Check out these upcoming webinars from the Edge AI and Vision Alliance and its Member companies:
On Tuesday, March 23, 2021 at 9 am PT, Nota will deliver the free webinar “Selecting and Combining Deep Learning Model Optimization Techniques for Enhanced On-device AI,” in partnership with the Alliance. Model optimization techniques such as pruning, quantization, filter decomposition, and NAS (neural architecture search) are becoming increasingly important in efficiently implementing deep learning on the edge. Determining the optimum technique (potentially involving the combination of multiple different techniques) and defining hyperparameters for peak performance, historically demanded deep technical expertise and significant resources in order to successfully achieve the optimization objective. In this presentation, Nota will describe its experiences with (and resultant perspectives on) various deep learning model optimization techniques, as well as demonstrating how multiple techniques can be combined to further improve performance. The company will also discuss NetsPresso, its automatic model optimization platform. For more information and to register, please see the event page.
On Wednesday, March 24, 2021 at 9 am PT, Jeff Bier, founder of the Alliance, will deliver the free webinar “Deep Learning for Embedded Computer Vision: An Introduction” in partnership with Vision Systems Design. Deep learning for embedded computer vision has made it possible to deploy high-performance, low-cost embedded systems capable of running powerful AI algorithms for tasks ranging from image classification to object detection and tracking, in applications from cars to kitchen appliances. The end result is products that are safer, easier to use, more efficient and more capable. But visual AI and computer vision are quite different from traditional embedded technologies, and for many product development groups, these new technologies bring unfamiliar challenges and unexpected risks. In this session, Bier will cover:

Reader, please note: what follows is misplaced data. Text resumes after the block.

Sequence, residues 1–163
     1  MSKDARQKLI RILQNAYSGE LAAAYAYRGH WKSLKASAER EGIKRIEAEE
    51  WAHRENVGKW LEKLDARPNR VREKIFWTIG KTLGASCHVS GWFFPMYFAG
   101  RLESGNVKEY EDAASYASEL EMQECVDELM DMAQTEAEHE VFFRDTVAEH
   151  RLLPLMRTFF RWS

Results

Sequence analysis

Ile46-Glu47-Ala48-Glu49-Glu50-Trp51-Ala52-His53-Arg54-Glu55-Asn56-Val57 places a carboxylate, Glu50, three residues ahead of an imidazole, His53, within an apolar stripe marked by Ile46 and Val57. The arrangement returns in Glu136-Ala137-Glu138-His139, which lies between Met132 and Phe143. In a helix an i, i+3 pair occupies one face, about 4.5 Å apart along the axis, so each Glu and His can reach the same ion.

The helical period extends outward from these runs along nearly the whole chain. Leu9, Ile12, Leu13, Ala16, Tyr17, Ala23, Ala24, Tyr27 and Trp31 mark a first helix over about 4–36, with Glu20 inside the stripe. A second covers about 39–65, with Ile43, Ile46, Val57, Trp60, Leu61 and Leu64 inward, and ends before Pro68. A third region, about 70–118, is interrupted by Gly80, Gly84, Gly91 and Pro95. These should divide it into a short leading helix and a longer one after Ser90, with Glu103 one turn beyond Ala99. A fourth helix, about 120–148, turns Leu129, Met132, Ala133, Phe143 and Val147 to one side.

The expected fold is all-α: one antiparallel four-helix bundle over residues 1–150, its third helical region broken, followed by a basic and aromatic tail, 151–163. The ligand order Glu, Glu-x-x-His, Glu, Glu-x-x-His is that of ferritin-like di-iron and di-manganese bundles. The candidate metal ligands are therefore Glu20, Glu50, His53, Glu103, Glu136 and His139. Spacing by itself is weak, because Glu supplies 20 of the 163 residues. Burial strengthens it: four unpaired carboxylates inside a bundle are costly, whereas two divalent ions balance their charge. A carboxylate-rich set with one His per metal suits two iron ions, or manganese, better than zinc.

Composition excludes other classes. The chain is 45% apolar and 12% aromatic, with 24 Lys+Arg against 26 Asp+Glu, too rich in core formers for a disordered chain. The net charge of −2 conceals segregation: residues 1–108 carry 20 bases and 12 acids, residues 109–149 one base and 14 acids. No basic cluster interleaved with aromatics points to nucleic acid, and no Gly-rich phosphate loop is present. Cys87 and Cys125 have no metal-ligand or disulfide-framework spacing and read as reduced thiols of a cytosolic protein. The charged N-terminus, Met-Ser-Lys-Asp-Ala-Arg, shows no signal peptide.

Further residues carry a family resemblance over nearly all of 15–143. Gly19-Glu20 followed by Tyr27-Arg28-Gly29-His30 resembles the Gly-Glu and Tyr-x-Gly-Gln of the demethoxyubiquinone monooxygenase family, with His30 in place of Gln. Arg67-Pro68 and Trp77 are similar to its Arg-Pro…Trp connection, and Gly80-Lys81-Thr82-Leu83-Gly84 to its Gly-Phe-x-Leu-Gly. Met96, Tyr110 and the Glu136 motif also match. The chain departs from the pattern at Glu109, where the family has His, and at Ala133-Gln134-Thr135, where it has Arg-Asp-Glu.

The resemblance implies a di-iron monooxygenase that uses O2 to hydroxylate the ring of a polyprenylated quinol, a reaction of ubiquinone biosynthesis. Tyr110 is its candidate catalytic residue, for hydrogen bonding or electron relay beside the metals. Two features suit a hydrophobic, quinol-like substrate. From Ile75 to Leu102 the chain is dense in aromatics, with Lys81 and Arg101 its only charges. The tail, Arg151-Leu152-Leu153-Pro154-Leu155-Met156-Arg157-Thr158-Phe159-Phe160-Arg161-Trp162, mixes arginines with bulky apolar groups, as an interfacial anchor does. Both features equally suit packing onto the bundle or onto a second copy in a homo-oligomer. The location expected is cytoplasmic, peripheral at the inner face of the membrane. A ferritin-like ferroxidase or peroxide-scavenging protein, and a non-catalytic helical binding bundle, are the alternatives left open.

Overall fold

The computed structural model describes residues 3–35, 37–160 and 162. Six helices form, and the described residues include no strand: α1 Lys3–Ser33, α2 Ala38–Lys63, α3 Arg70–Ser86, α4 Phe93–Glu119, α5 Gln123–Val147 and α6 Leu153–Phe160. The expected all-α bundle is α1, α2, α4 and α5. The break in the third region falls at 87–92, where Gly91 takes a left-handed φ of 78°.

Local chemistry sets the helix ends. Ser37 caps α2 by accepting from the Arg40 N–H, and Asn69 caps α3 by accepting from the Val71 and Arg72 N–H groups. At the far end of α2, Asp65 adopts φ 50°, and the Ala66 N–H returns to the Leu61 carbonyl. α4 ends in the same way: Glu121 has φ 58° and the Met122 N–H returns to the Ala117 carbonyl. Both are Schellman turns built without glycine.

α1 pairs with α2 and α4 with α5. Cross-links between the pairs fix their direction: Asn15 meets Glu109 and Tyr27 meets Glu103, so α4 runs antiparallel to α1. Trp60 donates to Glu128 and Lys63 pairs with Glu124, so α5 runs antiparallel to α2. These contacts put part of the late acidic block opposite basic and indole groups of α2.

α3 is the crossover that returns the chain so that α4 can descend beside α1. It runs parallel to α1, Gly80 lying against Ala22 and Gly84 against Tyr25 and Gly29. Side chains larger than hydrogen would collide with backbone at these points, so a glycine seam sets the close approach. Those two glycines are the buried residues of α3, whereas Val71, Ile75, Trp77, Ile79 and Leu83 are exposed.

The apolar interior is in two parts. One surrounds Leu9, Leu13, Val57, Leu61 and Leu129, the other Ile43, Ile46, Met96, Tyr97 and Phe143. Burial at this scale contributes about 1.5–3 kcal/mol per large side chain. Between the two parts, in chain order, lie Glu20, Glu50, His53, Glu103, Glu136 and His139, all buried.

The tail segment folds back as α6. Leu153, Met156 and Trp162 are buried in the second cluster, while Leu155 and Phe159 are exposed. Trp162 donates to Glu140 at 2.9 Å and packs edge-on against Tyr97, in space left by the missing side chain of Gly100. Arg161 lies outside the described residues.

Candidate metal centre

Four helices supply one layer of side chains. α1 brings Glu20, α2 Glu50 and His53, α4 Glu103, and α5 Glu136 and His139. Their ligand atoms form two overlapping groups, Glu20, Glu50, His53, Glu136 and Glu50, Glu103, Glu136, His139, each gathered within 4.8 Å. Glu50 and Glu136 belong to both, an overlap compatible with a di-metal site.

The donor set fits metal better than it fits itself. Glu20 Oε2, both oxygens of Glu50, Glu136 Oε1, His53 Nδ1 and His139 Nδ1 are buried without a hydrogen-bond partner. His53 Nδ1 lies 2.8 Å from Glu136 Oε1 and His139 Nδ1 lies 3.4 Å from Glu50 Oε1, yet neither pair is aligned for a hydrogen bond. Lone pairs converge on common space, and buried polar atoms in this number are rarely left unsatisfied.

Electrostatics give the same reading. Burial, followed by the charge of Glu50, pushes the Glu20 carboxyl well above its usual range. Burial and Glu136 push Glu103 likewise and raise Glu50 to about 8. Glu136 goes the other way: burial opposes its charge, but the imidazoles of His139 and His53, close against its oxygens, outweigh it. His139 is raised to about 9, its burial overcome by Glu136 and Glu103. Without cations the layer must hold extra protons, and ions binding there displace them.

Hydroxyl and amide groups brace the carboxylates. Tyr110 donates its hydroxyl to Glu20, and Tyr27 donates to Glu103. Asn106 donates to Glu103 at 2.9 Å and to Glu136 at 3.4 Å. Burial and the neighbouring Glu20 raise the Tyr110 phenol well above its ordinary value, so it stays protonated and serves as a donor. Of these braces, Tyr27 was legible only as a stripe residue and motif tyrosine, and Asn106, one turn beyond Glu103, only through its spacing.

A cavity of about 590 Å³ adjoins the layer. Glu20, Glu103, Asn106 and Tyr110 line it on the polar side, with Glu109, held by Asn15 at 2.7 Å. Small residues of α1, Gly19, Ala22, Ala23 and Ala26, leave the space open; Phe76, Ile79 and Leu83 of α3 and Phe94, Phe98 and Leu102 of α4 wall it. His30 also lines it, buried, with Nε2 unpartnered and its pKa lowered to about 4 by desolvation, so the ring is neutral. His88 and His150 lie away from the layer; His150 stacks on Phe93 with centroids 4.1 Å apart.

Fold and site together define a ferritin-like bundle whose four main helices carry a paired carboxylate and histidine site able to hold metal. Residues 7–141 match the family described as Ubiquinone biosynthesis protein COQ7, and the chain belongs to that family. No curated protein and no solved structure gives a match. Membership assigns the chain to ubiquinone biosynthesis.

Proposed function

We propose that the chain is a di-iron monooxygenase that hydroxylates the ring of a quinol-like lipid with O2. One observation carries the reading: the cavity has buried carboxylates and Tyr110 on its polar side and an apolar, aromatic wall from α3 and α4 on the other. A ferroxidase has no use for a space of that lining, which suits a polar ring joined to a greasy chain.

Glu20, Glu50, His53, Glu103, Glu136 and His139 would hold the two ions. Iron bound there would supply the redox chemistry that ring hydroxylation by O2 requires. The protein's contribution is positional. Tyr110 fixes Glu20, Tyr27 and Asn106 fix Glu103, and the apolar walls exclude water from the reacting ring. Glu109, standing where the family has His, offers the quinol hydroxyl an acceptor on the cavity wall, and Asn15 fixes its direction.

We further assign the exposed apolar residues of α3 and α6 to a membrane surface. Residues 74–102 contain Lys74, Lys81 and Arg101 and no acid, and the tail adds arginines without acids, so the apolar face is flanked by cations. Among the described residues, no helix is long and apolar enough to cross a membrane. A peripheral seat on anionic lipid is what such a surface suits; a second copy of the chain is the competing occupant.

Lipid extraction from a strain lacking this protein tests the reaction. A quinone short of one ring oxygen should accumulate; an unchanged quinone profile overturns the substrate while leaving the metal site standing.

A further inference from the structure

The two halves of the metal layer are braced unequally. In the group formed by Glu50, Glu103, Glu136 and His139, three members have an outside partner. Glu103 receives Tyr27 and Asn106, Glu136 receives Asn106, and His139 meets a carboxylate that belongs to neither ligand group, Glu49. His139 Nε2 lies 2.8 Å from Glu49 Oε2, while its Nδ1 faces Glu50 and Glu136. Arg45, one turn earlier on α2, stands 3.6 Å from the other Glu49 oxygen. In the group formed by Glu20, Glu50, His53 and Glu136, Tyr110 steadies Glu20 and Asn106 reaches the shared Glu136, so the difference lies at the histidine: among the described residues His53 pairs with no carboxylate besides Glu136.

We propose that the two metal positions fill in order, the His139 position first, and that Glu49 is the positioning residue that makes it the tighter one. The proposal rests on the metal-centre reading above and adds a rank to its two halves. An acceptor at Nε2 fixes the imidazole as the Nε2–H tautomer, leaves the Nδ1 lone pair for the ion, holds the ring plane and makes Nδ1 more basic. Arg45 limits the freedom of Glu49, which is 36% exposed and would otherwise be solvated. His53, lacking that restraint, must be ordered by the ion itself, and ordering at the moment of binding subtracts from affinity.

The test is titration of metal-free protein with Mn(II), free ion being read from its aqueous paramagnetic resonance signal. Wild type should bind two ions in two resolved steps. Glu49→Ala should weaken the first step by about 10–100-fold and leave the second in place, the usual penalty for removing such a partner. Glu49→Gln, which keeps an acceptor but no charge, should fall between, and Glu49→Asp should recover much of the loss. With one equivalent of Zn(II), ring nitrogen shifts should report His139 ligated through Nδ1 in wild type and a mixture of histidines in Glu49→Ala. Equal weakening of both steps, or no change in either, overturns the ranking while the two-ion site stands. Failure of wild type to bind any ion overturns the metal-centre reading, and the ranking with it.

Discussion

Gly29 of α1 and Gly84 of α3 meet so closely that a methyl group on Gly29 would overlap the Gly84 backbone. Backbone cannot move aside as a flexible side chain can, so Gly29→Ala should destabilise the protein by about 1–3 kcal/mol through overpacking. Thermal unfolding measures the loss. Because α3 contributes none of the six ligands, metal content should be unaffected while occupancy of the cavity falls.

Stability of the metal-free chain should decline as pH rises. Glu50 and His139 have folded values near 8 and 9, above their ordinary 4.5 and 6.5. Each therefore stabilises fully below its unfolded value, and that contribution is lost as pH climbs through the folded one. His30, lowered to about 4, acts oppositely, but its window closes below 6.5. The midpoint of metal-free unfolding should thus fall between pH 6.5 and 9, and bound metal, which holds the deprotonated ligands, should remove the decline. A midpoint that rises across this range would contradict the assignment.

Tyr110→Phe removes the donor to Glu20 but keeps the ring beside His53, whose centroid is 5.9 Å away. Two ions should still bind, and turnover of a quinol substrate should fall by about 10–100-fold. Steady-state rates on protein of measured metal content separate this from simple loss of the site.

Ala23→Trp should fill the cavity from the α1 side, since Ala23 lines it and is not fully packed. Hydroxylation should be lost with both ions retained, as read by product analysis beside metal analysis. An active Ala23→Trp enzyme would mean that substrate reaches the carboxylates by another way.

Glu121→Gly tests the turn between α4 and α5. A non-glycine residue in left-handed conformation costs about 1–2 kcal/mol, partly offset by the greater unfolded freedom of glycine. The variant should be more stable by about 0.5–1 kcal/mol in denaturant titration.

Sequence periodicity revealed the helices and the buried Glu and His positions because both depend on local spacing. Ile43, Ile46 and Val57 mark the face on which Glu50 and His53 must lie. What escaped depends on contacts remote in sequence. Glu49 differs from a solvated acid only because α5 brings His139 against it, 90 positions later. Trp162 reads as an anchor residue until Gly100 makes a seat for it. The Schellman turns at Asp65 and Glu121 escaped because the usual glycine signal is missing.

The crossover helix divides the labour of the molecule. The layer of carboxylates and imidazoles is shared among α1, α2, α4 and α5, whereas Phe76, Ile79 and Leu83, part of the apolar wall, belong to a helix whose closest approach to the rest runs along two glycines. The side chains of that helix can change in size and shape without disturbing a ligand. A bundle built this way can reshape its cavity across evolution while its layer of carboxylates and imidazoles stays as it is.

What a typical embedded vision system looks like
Training and test data — your new best friend, and maybe also your worst nightmare, and
Choosing a processor for embedded vision applications
For more information and to register, please see the event page.
On Thursday, March 25, 2021 at 9 am PT, Microchip Technology will deliver the free webinar “Enabling Small Form Factor, Anti-tamper, High-reliability, Fanless Artificial Intelligence and Machine Learning,” in partnership with the Alliance. Microchip’s FPGAs offer a power-efficient 4K video and imaging fabric with in-built anti-tamper protection, reliability against single-event upsets and the industry’s first integrated quad core RISC-V microprocessor subsystem in a FPGA. Along with the easy-to-deploy VectorBlox AI SDK, users can develop next-generation smart vision platforms that do not require a heat sink or a thermal fan. In this presentation, Microchip Techology’s Diptesh Nandi will describe how his company’s products help you overcome the challenges of designing edge devices that need security, reliability, have a small form factor, and are able to run in battery backup and be field-upgradable. For more information and to register, please see the event page.
And on Tuesday, March 30, 2021 at 9 am PT, Algolux will deliver the free webinar “Optimizing a Camera ISP to Automatically Improve Computer Vision Accuracy,” in partnership with the Alliance. Cameras are the most ubiquitous sensor used for both display and computer vision in ADAS and autonomous vehicle designs. Typical applications include surround-view, object detection for collision warning and automatic emergency braking, and traffic light and sign recognition. To achieve subjectively “good” image quality (IQ), the camera’s image signal processor (ISP) parameters must be tuned for each specific lens / sensor configuration by experienced imaging engineers, typically over many months. However, good visual IQ isn’t necessarily what’s needed for specific computer vision (CV) algorithms. In this session, Marc Courtemanche, Product Architect at Algolux, will describe and demonstrate how to use a breakthrough workflow to automatically optimize an ISP to maximize computer vision accuracy in only days. Easy to access and deploy, the workflow can improve CV results by up to 25 mAP points while reducing time and effort by more than 10x versus expert manual tuning approaches. For more information and to register, please see the event page.
Editor-In-Chief, Edge AI and Vision Alliance
APPLICATION AND MARKET TRENDS
Key Trends and Challenges in Practical Visual AI and Computer Vision